San José, Costa Rica, since 1956

Gated Neighborhoods Offer Security, Amenities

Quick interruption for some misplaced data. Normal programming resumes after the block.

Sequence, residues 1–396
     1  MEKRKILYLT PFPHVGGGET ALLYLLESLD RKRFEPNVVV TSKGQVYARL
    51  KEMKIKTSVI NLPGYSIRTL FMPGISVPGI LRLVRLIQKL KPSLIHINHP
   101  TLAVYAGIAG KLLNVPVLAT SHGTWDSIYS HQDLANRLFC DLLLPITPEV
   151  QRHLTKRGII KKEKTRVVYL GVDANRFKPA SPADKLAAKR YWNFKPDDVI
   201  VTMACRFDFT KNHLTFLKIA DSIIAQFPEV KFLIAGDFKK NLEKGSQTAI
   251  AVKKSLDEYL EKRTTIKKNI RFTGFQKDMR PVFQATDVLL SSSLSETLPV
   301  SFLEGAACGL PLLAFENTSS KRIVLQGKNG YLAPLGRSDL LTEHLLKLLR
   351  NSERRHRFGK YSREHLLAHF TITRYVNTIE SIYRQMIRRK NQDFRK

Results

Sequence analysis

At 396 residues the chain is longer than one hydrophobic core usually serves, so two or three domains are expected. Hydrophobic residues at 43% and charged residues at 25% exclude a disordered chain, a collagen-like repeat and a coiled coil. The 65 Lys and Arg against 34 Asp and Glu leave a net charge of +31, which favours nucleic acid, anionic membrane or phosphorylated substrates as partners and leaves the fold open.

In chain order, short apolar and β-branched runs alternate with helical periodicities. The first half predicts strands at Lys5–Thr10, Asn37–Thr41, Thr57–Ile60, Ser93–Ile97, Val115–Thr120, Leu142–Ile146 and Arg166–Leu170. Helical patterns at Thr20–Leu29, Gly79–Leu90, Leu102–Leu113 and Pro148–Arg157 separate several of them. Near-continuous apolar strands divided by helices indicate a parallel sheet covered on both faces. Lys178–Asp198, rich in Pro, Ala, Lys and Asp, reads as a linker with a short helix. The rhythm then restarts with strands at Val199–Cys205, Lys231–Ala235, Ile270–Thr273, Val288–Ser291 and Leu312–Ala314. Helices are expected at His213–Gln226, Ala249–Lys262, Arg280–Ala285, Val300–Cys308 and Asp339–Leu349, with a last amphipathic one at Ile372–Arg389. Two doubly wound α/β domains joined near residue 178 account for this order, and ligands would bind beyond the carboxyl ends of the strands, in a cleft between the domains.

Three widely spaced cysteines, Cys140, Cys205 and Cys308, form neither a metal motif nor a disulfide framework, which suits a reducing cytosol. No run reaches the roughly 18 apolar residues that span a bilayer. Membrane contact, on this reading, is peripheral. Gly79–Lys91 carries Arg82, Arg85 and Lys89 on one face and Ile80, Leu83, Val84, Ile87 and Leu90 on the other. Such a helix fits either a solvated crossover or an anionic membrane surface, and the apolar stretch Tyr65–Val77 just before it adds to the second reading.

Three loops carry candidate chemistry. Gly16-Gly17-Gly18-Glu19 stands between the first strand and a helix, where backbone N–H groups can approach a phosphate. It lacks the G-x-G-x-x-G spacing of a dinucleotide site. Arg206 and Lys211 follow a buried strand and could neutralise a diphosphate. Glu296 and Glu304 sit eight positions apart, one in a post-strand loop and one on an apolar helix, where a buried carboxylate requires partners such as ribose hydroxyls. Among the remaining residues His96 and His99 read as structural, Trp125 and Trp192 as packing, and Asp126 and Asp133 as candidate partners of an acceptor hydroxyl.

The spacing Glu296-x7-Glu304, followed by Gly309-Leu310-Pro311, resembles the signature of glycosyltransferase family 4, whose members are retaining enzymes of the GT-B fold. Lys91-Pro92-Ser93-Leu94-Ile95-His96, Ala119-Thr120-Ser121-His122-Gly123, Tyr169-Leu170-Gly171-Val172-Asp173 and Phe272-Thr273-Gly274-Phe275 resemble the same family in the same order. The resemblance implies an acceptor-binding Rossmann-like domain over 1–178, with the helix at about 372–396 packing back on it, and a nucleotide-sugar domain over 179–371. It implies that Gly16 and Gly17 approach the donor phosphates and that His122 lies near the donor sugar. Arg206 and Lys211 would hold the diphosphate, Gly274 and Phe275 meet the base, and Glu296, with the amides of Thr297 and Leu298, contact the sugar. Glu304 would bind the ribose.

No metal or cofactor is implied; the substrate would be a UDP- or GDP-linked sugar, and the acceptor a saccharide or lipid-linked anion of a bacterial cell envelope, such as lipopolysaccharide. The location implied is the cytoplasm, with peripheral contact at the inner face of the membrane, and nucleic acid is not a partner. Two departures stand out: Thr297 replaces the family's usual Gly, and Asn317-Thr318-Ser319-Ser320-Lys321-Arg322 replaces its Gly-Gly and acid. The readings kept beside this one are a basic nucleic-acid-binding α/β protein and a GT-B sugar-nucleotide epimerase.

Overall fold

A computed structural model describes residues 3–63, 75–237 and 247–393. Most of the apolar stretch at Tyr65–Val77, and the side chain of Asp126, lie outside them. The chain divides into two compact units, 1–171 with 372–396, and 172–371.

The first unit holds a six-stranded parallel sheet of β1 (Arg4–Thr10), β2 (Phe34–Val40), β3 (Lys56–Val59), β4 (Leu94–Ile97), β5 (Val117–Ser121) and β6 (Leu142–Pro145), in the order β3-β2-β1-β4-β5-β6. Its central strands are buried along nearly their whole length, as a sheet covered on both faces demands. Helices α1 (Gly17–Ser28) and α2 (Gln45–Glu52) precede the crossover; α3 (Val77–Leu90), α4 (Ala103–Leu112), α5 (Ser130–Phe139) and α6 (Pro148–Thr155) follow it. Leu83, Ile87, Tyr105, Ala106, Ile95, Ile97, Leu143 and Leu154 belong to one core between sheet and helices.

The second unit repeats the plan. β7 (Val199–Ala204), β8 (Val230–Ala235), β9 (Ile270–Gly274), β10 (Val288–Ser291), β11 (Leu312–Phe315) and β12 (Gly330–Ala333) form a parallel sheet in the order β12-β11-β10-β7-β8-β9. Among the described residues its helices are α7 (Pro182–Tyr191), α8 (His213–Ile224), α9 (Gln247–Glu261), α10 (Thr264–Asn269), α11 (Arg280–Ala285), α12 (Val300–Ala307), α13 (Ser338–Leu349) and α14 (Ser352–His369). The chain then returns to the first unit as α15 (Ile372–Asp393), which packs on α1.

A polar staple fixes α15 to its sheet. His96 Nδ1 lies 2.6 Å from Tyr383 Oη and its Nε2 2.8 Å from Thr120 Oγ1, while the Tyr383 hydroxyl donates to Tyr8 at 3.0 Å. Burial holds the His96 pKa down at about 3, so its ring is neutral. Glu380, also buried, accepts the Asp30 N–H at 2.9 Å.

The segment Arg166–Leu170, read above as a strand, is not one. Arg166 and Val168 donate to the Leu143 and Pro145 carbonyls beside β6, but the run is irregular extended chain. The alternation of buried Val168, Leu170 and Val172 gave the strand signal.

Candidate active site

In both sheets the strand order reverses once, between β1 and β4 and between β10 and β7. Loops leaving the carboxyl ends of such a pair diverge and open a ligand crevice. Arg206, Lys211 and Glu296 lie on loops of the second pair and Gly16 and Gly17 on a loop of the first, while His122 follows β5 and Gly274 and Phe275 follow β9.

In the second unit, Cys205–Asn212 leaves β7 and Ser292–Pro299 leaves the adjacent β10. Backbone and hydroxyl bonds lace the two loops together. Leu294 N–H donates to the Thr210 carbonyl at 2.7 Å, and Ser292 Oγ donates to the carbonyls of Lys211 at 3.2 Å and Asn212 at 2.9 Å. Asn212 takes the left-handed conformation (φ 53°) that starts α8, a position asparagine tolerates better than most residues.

IT’S becoming an ever-more-common scene in theCosta Rican lifestyle: before arriving at your house, youcheck in at a guarded entrance before entering the protectedconfines of your gated neighborhood.It’s a different paradigm from the old ideal of having anindependent detached home where each person fends forhim or her self.“Gated communities have been in Costa Rica fordecades, but mainly during the past 12 years have we seenthe large-scale development of (gated communities),” saidJohn Kartman of Carico Real Estate. “I always recommendthat my clients seriously consider gated community livingwhen thinking about investing in Costa Rica.”The advantages of gated living begin with security. Mostgated communities have guarded entrances, limiting accessto the community’s residents and guests, and a private securityforce sees to the neighborhood’s safety.“I always make sure my clients examine security needswhen purchasing real estate in Costa Rica,” Kartman said. “Irecommend that people either have ADT (an alarm system)available, have a live-in maid, or live in a gated community.”KARYNA Pérez, a resident of Villa Adobe in SantoDomingo de Heredia, north of San José, believes communityliving does provide safer living.“If you leave your house, you know there are guards andcommunity members who are looking after your house,” shesaid. “In Costa Rica, it’s not that safe to own a house and ifyou leave you get the feeling that no one is looking out foryou. But if you’re in a condo or a gated community, youknow that you’ll be protected.”Kartman concurs.“Especially if you’re only going to live (in Costa Rica)for eight or nine months out of the year, you need to seriouslyconsider a gated community.”OTHER amenities included in gated living depend onthe development, but many include common areas, parks,and even swimming pools and gymnasiums. Communitymembers pay monthly dues, which contribute to maintenance,security and other community activities.In Villa Adobe, which consists of more than 400 individuallots, households pay ¢12,000 (about $27) a month indues.“Most gated communities charge between $40 and $200a month in dues, and others are even more expensive, depending on the number of homes inthe development,” Kartman said.THE costs of buying a home in agated community versus purchasing anindependent home vary.“Building costs are going to be thesame, around $400 per square meter fortop-quality construction,” Kartman said.Land prices in enclosed communities,however, can reach double those ofindependent lots.“You’re paying for infrastructure,”Kartman said, adding that roads, undergroundelectricity and community areashave a cost. Currently in Costa Rica,home prices in gated communities rangefrom around $55,000 to more than $1million.DISADVANTAGES of gated communityliving, according to real estateagents and residents, include a closeproximity to neighbors.“There isn’t as much privacy,”Kartman said, “but it’s not too bad. Valledel Sol in Escazú (southwest of SanJosé) is quite spacious, and everyone hastheir space.”Social geographer Joseph Sequoiafeels that the shortcomings of gated livingare deeper.“Gated communities perpetuatesocial stratification,” he said. “It sends aclear message to anyone walking pastwho doesn’t have an address within thecommunity that there is a marked differencebetween the denizens behind thewalls and those who amble through thestreets. The people inside don’t wantanyone else inside and that message issent quite clearly. It’s like trying to keepthe barbarians out.“GATED communities are designedto do away with the vibrant street lifethat characterized Latin cities and livingin years past, and instead of sharing withyour fellow people you place a strongdivision between us and them,” headded. “This type of living is for the personwho prefers to be isolated from therest. (These communities) are designedto do away with the outside culture,instead focusing on individualism.“In the United States,” Sequoia continued,“gated communities prey on atrumped-up fear of intruders and crimethat don’t really exist. The securityneeds that arise with living in CostaRica, however, are real, and thereforethe gated communities’ security measureshave a valid function.”

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